For the full picture check the website of your local tax office. But here's a short summary of how it works in most Western countries.
- you are liable to pay tax on your income. All income, certainly including AH profits. If you find a penny in the street you are liable to pay income tax on it.
- you cannot retroactively decide you're a business and your expenses (buying the game, your computer etc) are tax deductible. If you want to do this you will usually have to let them know you're a business.
- you cannot hide this income or stay under the radar. It's online run by companies who are obliged to give details of your transactions to the tax authorities.
- it's your responsibility. Not Blizzard's, not Paypal's not your tax authority's.
- in some countries (for example the USA and the UK) you may be able to avoid having to pay if they accept that this income is from a hobby. D3 item selling is likely to be a very borderline case and they may decide either way. They may even analyse game logs to see if you did magic finding runs. If you did and then sold the items for real money you may be deemed to be a trader.
|If Al Capone played Diablo 3 he'd avoid paying tax.|
OK those are facts, now I'll move to speculation.
- I think most tax authorities will realise a huge untaxed trade is occuring. If a million people sell items worth $20 over the course of a year and they pay 25% tax as their highest marginal that's $5 million lost government revenue. In an era where every country is desperate to balance its economy all of our governments are going to want high to perfect tax collection efficiency.
- I think the most likely first starting point for the tax authority will be a public awareness campaign. It's kinda absurd to jail people for selling a Sigon's Boots for $2. This is the point at which you should make sure you're compliant if you haven't done so before.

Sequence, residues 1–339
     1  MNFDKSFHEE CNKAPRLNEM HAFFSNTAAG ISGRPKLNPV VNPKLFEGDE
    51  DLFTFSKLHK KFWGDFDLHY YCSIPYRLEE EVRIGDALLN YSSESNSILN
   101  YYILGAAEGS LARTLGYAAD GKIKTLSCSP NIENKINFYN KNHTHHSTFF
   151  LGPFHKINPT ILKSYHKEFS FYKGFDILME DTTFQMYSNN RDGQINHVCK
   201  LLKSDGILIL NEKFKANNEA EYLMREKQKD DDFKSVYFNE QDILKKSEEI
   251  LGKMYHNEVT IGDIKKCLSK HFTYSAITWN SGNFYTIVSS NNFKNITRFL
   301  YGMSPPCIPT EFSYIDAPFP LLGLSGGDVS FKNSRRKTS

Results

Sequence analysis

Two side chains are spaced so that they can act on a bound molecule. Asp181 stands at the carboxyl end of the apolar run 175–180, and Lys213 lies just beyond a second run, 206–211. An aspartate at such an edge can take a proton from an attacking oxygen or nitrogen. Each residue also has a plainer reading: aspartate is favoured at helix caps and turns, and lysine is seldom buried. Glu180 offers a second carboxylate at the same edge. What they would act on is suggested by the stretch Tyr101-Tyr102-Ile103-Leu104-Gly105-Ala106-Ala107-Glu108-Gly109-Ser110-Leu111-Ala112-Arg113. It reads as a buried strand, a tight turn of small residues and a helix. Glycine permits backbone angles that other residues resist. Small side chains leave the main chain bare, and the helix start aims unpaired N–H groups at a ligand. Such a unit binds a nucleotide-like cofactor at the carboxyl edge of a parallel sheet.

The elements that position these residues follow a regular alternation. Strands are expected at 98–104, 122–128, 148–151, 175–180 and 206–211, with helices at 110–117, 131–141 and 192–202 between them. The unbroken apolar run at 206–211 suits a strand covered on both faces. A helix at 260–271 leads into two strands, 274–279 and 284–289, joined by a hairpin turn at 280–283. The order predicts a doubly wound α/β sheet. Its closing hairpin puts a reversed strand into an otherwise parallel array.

- they will probably then move to a targeted phase. You might get a letter or an email stating that they think you have undeclared income. DO NOT IGNORE THIS. Sort it out and pay what they ask.
- the last step is enforcement. They will take some people to court. This could be really expensive and damage your credit rating and employment prospects if you let it get to court. Don't, ask to settle with them out of court. If you fight it you will lose anyway and get a judgment recorded against you on your credit score.
- trade in gold not money. In particular don't regularly cash out money. Someone who takes £20 every month looks much more like a trader than someone who plays the game for a year then cashes £240 out. Be aware though that gold will deflate much faster than normal currency so keep your wealth fluid (for example buying cheap gems then selling them on all the time).
- consider buying stuff from the Blizzard store. This may help prove that your earnings are part of a hobby.
- don't ignore any official communication.
- don't expect any of your dealings to be kept secret from your tax authority.
- do accept that it is your personal responsibility to pay tax. I'm not suggesting you phone them every time you sell a rare but you should be aware that if you sell a lot you need to sort it out with your tax office.
- stop posting these stupid BLIZZ GONNA BE IN TROUBLE WITH THE IRS posts. They won't, you might be.